Extending hours for Montana breweries should be a no-brainer, but it won’t be. The state Legislature will instead discuss how taprooms already have an unfair advantage over bars and restaurants, many of which spent tens of thousands of dollars for the privilege to serve alcohol.
Right now, breweries are required by law to stop serving beer at 8 p.m. A bill proposed by Whitefish lawmaker Dave Fern would have extended that to 10 p.m. — you know, when it’s still light outside during the summer months — but it died in committee. He argued it would have been good for the economy and brewers agreed.
“We’re an economic driver in the state,” Matt Leow, Montana Brewers Association executive director, said.
They’re right. But it didn’t matter because opponents, including the Montana Tavern Association, argued that the legislation would allow breweries to further circumvent a quota system that has been in place since Prohibition. They’re also right — it would have.
That’s the problem. To no fault of licensees, many of whom have spent their hard-earned dollars to buy an alcohol license, we’re stuck in an archaic system that hasn’t worked for years. There’s no easy way out of it. And there are actually proposals under consideration to make it worse.
The ability to serve wine, beer and liquor can make or break any establishment, but especially those considered bars or sit-down restaurants. And the enormous expense of obtaining a license serves as an additional deterrent to independent restaurateurs.
The argument that these licenses are investments — often fetching a half-million dollars, or more — is valid. If the system is overhauled, those who have spent a substantial amount of money need to be compensated somehow. But, to be clear, that’s not always the case.
Licenses used in counties, often purchased at much lower prices, have been annexed into cities, making them far more valuable. For years, licenses were also divvied up by a lottery system, an imperfect system because the success of an eatery was partially determined by chance, but it at least provided entrepreneurs with little means a fighting chance.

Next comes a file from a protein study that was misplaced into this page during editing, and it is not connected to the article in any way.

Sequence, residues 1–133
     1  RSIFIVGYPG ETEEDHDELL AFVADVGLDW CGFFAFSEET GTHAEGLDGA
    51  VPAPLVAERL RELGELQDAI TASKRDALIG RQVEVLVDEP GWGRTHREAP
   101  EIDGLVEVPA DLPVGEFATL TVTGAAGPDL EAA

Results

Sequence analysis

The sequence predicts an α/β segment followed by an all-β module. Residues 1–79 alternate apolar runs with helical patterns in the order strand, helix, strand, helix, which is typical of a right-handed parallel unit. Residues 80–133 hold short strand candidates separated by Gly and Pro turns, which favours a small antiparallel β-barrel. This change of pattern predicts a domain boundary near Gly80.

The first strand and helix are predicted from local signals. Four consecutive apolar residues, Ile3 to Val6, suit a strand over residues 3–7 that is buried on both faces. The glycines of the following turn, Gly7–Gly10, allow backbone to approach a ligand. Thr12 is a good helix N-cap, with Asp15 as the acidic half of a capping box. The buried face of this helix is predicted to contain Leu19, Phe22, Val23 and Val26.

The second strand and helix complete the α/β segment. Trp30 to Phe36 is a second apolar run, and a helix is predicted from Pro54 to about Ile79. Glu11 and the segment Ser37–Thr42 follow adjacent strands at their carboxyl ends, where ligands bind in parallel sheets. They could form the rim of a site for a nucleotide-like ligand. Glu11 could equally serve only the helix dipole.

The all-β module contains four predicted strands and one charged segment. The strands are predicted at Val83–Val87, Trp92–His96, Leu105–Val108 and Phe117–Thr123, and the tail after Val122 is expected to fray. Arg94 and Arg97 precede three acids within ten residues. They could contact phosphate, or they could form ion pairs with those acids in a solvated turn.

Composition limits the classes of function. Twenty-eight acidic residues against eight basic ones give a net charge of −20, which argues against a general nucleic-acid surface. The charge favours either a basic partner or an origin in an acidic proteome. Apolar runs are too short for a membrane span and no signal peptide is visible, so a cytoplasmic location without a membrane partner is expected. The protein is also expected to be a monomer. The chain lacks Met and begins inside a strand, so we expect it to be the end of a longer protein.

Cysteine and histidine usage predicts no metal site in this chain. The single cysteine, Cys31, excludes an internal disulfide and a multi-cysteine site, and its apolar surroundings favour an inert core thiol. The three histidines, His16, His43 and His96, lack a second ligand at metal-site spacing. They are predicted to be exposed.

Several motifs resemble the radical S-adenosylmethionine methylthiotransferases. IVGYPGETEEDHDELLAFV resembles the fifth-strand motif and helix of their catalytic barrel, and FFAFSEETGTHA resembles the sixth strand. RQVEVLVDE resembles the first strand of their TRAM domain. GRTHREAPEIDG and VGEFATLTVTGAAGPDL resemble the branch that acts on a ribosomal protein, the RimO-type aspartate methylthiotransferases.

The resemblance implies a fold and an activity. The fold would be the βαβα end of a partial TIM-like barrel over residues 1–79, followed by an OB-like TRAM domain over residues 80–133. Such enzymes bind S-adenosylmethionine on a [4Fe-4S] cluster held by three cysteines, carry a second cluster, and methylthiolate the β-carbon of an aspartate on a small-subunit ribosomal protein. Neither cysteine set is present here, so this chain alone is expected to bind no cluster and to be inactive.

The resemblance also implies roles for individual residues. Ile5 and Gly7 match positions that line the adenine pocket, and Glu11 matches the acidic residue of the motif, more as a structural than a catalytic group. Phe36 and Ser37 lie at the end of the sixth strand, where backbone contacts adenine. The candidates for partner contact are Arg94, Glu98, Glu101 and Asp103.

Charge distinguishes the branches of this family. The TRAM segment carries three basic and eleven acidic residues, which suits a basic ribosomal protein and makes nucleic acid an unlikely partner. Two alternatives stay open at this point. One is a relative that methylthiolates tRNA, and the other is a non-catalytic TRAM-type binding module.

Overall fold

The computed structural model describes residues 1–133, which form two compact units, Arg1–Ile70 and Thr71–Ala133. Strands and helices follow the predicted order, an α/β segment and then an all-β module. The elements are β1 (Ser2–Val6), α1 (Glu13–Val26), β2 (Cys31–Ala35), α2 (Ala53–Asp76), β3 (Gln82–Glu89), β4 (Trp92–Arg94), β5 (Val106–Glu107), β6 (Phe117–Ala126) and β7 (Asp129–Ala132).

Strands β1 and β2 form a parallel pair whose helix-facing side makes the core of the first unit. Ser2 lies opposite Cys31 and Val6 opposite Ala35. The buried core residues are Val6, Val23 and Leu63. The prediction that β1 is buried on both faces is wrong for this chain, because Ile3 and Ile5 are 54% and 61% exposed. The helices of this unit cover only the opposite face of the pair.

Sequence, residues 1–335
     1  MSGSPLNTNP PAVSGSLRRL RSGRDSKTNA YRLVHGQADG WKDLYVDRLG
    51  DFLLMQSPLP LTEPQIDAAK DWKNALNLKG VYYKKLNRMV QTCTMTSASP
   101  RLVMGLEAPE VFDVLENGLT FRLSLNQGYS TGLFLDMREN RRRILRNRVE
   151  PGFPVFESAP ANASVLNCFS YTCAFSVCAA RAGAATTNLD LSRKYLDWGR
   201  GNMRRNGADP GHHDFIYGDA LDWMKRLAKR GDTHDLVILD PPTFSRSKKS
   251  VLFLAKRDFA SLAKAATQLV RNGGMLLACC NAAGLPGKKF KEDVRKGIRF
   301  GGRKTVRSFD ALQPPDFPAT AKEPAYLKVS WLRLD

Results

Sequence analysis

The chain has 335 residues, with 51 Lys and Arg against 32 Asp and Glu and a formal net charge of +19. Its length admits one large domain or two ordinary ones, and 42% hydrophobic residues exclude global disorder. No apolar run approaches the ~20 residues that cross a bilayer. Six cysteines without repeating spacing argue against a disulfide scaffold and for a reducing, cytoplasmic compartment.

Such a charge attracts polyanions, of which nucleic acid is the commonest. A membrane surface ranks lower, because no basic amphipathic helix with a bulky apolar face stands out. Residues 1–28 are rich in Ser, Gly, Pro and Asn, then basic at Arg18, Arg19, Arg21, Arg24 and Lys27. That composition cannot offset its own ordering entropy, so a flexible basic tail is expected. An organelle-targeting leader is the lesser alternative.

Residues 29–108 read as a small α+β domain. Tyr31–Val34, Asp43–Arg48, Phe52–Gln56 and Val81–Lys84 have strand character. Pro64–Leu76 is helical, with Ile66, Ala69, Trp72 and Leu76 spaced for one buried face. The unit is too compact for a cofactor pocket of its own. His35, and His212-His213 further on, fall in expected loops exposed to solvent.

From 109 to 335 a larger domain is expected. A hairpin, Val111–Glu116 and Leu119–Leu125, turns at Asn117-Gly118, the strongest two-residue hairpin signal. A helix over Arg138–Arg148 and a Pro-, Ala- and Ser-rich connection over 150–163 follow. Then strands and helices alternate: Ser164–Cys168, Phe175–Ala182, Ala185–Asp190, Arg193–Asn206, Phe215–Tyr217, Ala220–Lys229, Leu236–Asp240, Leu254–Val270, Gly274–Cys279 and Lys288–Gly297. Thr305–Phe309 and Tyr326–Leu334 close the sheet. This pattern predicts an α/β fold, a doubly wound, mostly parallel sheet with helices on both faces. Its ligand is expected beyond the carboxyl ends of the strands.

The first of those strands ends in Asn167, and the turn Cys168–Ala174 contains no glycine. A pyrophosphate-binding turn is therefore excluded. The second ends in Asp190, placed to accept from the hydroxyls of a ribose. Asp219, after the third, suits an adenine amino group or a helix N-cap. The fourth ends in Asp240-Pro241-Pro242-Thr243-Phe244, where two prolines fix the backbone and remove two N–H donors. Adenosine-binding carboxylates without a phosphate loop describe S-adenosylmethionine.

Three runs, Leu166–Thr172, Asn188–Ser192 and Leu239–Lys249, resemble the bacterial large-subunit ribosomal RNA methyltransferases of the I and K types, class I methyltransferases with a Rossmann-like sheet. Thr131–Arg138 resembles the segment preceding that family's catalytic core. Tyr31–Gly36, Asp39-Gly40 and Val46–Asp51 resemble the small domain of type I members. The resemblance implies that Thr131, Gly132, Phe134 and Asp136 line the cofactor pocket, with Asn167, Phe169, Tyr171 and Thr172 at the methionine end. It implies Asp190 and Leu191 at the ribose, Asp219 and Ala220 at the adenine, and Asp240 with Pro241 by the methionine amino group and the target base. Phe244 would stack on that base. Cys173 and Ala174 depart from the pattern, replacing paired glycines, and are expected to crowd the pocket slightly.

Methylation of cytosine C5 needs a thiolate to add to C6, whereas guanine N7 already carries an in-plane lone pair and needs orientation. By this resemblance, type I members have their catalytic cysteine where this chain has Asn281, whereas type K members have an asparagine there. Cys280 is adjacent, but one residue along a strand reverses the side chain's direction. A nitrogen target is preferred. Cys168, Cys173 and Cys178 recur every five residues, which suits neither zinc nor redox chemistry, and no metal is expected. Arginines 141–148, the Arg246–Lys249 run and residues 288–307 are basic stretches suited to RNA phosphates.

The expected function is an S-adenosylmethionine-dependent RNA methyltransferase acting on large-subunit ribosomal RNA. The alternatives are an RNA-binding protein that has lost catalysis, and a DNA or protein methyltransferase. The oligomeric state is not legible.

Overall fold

Now that may be eliminated and replaced with a competitive bidding process. The state switched to the auction system during a 2017 special session to help make up a revenue shortfall. Now, state Sen. Ed Buttrey, who owns bars and casinos in the Flathead and around Great Falls, has proposed legislation to make it permanent, although he said the bill wouldn’t affect him.
The Montana Tavern Association supports the proposal, saying the state has been giving something very valuable away through a lottery process. This change could make licenses even more expensive. What happens if the only entities that can afford them are chain restaurants? What happens if many Montanans are priced out even further?
One of the many attractions of local breweries is they’re usually owned and operated by people you know: friends and neighbors willing to invest in the community they live in. They also provide a sense of place and, yes, spur economic development, especially in rural areas. But in Montana, we make them close at 8 p.m. for no other reason than to protect a system that was outdated decades ago. And instead of fixing it, our lawmakers might double down.
There must be a better way.